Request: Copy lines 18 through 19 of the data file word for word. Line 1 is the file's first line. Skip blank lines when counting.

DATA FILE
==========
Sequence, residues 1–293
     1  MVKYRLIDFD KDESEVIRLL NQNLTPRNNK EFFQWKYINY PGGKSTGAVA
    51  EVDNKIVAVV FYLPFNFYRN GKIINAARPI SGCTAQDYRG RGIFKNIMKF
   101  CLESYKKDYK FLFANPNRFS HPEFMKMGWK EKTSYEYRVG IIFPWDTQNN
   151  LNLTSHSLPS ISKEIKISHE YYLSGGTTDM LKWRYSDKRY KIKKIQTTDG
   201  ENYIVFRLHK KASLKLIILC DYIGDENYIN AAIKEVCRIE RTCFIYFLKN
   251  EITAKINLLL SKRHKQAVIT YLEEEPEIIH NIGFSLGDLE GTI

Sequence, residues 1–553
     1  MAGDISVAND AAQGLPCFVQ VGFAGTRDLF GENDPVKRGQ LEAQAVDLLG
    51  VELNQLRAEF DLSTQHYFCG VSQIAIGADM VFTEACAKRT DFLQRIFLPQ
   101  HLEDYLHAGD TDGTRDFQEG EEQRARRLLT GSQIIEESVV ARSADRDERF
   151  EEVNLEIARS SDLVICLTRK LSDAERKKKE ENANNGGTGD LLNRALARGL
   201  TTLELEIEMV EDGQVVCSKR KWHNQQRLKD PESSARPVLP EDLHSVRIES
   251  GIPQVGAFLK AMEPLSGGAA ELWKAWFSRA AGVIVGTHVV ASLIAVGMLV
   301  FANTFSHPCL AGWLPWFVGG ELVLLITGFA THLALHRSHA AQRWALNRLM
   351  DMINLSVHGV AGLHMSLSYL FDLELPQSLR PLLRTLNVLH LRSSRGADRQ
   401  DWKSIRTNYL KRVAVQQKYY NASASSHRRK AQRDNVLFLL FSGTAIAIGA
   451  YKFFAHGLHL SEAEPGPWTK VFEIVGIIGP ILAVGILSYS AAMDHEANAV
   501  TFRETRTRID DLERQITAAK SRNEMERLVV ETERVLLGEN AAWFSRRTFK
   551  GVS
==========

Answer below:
   451  YKFFAHGLHL SEAEPGPWTK VFEIVGIIGP ILAVGILSYS AAMDHEANAV
   501  TFRETRTRID DLERQITAAK SRNEMERLVV ETERVLLGEN AAWFSRRTFK